Dear Amy: My wife and I recently relocated from a small town in New Mexico to a city in another state.
We both wanted to get out of the small town and improve our quality of life.
Unfortunately, soon after buying a home here, my wife began thinking that we made a mistake. She wants to go back to New Mexico. I love it here.
She left her well-paying job and hasn’t found a new job here.
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We argue about this almost every day. She consistently threatens to move back to be closer to her adult children and grandchildren.
She knows that I can’t just get up and move back.
I have a great, well-paying job, which I enjoy. We have the house. Moving back to New Mexico to me is going backward.
I love my wife so much, but I’m so scared that one day I’ll come home and she will be gone.
All of our arguments end with her telling me she is leaving.
The next day all is well, until I do something to upset her and the cycle starts all over again.
I think when she gets a job she will feel better; unfortunately until then, I spend every moment worried that she’s going to leave me. She travels back to New Mexico for a few days three or four times a month.
I’m alone while she is gone, yet while I’m at work she complains that she’s alone.
I have been using a lot of work leave to be home with her.
I’m worried and scared. I don’t want to lose her.
Do you have any suggestions?
Lost in the Big City
Dear Lost: Your wife seems to have agreed with the choice to move; she now has an obligation to try harder to adjust to this change – even if she suspects she might have made a mistake.
It would be very hard for her to find a job locally if she is in town only sporadically.
A counselor or life coach could help her cope with her feelings of sadness, homesickness and anger. She also sounds depressed. You two joining a local civic, social or religious organization together might help to orient her toward your new home and introduce her to more people.
At this point, you are the only person working. Even if you agreed to move back, the process would take time.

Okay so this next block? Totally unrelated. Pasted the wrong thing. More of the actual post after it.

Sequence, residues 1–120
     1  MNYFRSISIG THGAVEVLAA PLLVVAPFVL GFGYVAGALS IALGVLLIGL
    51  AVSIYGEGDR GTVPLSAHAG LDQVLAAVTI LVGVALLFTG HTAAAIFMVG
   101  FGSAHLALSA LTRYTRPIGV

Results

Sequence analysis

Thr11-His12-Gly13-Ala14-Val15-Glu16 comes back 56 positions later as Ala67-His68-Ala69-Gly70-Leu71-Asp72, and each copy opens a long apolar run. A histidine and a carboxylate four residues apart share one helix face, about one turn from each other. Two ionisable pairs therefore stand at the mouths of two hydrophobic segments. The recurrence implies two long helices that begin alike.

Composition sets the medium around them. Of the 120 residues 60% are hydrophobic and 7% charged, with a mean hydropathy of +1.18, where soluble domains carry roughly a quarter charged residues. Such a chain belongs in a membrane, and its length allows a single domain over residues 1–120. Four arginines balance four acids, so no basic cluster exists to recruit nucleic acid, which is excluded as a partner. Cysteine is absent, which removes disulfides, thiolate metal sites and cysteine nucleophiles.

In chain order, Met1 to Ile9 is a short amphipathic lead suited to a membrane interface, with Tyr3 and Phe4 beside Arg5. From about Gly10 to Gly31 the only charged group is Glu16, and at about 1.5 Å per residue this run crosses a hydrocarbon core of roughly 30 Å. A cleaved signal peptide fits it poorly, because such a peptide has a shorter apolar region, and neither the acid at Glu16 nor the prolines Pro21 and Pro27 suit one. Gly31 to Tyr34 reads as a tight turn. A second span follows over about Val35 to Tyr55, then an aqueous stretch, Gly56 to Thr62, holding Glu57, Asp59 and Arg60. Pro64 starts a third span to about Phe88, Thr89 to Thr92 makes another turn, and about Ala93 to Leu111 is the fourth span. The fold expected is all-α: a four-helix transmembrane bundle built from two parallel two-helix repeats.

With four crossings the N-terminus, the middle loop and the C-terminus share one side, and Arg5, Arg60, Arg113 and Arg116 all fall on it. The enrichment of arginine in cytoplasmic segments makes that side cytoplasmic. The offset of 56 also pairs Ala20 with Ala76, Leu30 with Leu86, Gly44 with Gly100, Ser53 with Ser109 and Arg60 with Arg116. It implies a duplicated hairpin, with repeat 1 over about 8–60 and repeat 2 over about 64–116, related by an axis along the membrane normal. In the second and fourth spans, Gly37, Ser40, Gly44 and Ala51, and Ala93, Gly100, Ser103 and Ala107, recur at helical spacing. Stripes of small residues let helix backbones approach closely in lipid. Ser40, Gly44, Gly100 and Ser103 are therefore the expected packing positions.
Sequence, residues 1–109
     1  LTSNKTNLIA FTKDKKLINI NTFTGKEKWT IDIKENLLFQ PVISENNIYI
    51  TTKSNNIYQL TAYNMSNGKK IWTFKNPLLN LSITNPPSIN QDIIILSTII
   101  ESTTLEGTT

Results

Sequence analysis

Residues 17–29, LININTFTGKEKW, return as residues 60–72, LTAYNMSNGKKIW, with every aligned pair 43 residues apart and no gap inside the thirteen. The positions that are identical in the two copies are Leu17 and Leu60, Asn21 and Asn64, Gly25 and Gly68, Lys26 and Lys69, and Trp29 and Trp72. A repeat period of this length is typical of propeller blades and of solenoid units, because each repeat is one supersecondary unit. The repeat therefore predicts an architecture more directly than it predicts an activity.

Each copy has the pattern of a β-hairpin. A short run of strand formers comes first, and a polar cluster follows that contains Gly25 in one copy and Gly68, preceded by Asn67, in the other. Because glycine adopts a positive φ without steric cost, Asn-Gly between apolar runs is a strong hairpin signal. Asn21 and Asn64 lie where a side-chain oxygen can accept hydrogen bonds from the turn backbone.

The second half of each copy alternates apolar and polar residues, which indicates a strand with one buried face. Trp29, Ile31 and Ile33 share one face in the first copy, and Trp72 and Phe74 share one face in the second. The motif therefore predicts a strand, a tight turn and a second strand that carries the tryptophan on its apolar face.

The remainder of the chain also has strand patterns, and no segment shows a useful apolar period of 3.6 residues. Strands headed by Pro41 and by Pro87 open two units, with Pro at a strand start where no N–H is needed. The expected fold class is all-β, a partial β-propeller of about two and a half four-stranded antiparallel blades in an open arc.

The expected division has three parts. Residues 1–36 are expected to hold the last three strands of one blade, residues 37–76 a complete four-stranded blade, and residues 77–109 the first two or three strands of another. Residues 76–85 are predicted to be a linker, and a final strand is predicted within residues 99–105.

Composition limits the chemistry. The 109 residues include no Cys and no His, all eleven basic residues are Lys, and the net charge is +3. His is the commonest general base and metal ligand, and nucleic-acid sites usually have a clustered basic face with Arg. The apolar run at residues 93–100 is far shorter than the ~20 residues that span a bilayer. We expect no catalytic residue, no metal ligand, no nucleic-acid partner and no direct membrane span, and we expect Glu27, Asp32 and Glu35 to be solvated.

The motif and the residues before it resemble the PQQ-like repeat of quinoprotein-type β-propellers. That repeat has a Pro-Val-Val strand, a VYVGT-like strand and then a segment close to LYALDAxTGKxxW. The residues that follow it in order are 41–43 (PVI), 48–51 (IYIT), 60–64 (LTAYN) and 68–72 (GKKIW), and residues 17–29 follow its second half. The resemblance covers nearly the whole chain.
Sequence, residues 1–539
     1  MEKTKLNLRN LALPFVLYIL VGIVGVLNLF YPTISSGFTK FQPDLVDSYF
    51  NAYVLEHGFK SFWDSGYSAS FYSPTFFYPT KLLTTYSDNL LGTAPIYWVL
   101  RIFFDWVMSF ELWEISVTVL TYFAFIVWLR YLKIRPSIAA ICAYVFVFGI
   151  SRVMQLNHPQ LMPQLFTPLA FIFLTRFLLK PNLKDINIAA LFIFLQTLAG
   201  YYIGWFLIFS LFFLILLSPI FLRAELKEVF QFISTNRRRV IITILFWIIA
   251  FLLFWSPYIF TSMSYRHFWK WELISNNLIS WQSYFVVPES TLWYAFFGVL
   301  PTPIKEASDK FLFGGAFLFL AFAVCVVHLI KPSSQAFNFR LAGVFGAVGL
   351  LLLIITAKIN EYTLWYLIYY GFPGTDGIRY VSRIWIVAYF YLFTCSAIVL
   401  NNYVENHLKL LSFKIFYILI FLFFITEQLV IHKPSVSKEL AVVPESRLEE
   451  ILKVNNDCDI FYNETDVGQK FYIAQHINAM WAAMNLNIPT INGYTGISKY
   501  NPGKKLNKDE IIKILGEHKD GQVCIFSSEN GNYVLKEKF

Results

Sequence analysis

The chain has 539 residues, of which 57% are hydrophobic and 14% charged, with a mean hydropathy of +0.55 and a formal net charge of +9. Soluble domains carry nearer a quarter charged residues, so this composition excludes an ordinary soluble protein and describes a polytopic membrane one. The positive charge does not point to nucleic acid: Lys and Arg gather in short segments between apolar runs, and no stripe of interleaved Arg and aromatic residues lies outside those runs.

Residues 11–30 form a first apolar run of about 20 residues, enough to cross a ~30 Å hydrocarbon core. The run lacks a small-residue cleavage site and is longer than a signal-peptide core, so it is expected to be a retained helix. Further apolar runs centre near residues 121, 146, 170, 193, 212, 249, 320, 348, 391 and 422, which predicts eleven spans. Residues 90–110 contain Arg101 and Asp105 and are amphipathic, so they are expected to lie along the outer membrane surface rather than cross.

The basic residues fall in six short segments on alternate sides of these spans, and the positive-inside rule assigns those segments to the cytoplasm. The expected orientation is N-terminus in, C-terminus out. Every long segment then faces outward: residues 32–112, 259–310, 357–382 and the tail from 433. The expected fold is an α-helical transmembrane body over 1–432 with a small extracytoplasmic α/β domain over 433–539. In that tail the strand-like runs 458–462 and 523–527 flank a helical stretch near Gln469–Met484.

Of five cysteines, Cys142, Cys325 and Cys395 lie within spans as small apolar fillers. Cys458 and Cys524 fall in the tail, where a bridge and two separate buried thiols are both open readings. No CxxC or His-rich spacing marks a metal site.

Your wife should not hold the threat to leave over your head when you are having an argument. This is emotional blackmail. It also keeps her stuck in a strange in-between place.
At some point, you may have to call her bluff. She is an adult. She can either stay or go.
Dear Amy: When I was eight my grandma passed away unexpectedly and hurt my family very deeply. My grandpa hated being alone, so we tried spending as much time as possible with him. My mom set him up with a lady who seemed nice. They secretly married only eight months after my grandma passed. This caused problems.
My family ended up moving away. We lost touch with my grandpa.
A year and a half ago he reached out to me on Facebook and I gladly added him and his wife. His wife sent me his phone number and told me to call whenever I wanted.
He ended up passing away two days after I added him on Facebook and I was crushed.
His wife then started sending me harassing messages on Facebook, so I deleted her and she in turn blocked me from Grandpa’s Facebook page.
Now she has passed away.
Would it be OK to reach out to her family to see if there is anything I can have in memory of my grandpa?
I don’t want any money, just maybe his favorite coffee mug.
Overwhelmed in Texas
Dear Overwhelmed: I’m sorry for these losses and for the impact on you.
Definitely reach out. Express your condolences before making your request. Keep your expectations low.
Dear Amy: You responded to “Mystified” that a person could rent goats to mow their lawn, if they are eco-friendly.
This option is not eco-friendly, as it takes more gasoline to transport the goats to and from your property than it does to mow your own lawn with a gas mower.
Dear Conscious: I live next door to a large flock of sheep. They occasionally leap over their fence to do some mowing and flower eating on my lawn. I’m grateful that they provide their own transportation.
Email Amy Dickinson at firstname.lastname@example.org.